The answer is yes! And today’s guest post is by someone who has done so. We welcome today’s guest blogger, Dr. Michelle Bengtson, who offers insights about both traditional publishing and self-publishing. Her unique books provide a faith-based and medical perspective on mental health disorders.
Michelle, tell us about your books.
My first book was Hope Prevails: Insights From a Doctor’s Personal Journey Through Depression. My second book was the Hope Prevails Bible Study. I just turned in my third book about exchanging our worry, fear, and anxiety for God’s peace to the publisher a few days ago, but the title hasn’t been decided yet.
Tell us about your publishing journey.
My first book, Hope Prevails, was traditionally published by Baker Revell (who is also publishing my third book), and it released in August 2016. It sold out in its first printing and won the Christian Literary Reader’s Choice Award in 2017. (Congratulations, Michelle!) In response to reader requests, I wrote the Hope Prevails Bible Study and self-published it in October 2017. I decided to go the self-publishing route with the Bible study because I wanted to get it quickly to the readers who were requesting it, and I wanted it to support the original book.
My next book, also to be published by Revell, will release in the fall of 2019.
What did you like and not like about self-publishing?
I self-published the Bible study with Redemption Press. They took care of the editing and formatting, and I had the cover designed by someone who had helped me with marketing materials for the original Hope Prevails. I liked having more control about when the book released, and aspects like the title and cover. I did not, however, like how much of the process fell to me to do. More of the profits go to me, but on the flip side, I had to pay to get it published.
Tell us about your traditional publishing journey.
My first and third books were published by Baker Revell. I like them as a publisher, but a drawback is that things were always on their timetable which was rarely convenient for me as a working woman. I also didn’t like that they had final say about all the important matters, such as the title, cover, and price. Revell helped get my book into bookstores, but the marketing still fell to me.
The marketing team created a poster for me to use at speaking engagements. They also booked me on a few radio programs. I sent out letters and copies of the book to numerous radio and television stations, women’s ministry leaders, pastors, counselors. I also participated as a Redemption Press author at the 2018 Women of Joy conferences, where both of my books were sold. I also designed and printed bookmarks and postcards to have as promotional material at all speaking engagements.
Tell our readers anything that surprised or disappointed you about the journey.
The first two proposed book covers were terrible! My 12-year old non-techy son could have designed a better cover!! When I calmly expressed my concerns that the initial covers were not inviting and would not help sell books, I also had an artist sketch the cover that God had put on my heart. Finally, the publisher came back with a design that closely matched the image God had given me, which was a huge surprise on the heels of a major disappointment.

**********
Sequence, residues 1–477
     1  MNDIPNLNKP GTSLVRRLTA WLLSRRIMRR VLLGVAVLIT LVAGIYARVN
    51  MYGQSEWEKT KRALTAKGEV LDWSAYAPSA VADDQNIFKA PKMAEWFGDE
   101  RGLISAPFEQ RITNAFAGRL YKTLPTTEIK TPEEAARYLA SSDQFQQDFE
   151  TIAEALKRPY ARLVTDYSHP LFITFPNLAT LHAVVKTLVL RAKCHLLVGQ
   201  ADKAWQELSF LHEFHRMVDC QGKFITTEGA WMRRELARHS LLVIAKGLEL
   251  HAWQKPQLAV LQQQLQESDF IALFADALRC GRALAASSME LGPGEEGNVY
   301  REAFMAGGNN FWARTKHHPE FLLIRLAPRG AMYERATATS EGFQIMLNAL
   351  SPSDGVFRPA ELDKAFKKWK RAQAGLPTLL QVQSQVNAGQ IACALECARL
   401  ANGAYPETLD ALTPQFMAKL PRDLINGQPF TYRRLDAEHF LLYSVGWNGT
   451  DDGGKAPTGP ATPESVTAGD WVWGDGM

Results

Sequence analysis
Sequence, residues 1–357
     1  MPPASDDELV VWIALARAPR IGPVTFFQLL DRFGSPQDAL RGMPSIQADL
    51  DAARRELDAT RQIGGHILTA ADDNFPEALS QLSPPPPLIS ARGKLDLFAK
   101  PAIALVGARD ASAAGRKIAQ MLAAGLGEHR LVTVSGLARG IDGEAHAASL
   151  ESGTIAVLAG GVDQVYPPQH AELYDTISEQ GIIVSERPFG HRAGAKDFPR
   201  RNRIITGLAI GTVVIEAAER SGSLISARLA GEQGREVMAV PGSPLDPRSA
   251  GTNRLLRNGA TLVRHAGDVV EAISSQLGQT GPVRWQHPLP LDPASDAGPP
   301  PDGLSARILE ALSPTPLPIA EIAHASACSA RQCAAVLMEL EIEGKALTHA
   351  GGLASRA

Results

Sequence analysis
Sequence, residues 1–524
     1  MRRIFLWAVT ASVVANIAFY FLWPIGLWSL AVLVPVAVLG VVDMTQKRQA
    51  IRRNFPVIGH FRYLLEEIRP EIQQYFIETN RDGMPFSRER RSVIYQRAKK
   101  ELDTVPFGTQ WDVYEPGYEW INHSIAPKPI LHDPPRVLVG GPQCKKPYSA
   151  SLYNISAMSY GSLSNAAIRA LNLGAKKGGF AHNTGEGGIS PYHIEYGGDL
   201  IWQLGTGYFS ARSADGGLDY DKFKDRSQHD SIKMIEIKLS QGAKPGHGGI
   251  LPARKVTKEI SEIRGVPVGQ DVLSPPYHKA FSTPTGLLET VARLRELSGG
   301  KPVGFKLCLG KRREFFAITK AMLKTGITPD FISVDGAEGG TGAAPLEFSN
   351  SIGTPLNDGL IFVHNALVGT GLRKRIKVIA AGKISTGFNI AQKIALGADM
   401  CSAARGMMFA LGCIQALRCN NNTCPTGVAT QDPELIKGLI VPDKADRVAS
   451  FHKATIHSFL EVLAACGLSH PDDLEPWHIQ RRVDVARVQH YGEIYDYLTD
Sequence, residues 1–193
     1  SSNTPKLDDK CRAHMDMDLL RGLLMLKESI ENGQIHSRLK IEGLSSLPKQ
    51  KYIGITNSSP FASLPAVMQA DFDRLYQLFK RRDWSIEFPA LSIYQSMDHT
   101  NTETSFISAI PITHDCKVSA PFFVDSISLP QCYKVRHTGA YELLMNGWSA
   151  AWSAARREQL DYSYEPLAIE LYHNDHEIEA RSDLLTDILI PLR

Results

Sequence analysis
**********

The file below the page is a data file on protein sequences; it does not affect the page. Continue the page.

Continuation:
Give three tips our readers need to know about publishing.
- Know that traditional publishing does not have a quick turn around.
- Publishing/Marketing is expensive. You have to do it out of passion and obedience to God—not an expectation of getting rich.
- Also, I highly recommend that you get reader feedback before the final product comes out.
What do you wish you’d known before the publishing journey?
How long it takes from the time of submission to release! From the time I submitted my finished manuscript until the book released was approximately 15 months. Also, not everyone at the publishing house will share your passion for your topic or your vision for the project and you can’t take it personally.
What do writers need to know about life after publishing?
I think there’s a tendency to look at authors and think their lives are glamorous and exciting. While it is pretty cool to have people reading words you wrote, it’s not glamorous. It’s hard work, it can be expensive, and it’s one deadline after another.
One more thought:
If God has placed a dream in your heart to write, don’t give up. Write out of obedience and leave the results to Him.
Thank you, Michelle! Michelle welcomes your comments or questions.
Dr. Michelle Bengtson (Ph.D., Nova Southeastern University) is an international speaker, and the author of the bestselling, award-winning Hope Prevails: Insights From A Doctor’s Personal Journey Through Depression and the newly released companion Hope Prevails Bible Study. She has been a neuropsychologist for more than twenty years, and is now in private practice in Southlake, Texas where she evaluates, diagnoses, and treats children and adults with a variety of medical and mental health disorders. This doctor knows pain and despair firsthand and combines her professional expertise and personal experience with her faith to address her patients’ issues, both for those who suffer and the ones who care for them.
Using sound practical tools, she affirms worth and encourages faith. Dr. Bengtson offers hope as a key to unlock joy and relief—even in the middle of the storm. She and her husband of thirty years have two teenage sons and reside in the Dallas/Ft. Worth area. She blogs regularly on her own site: DrMichelleBengston.com.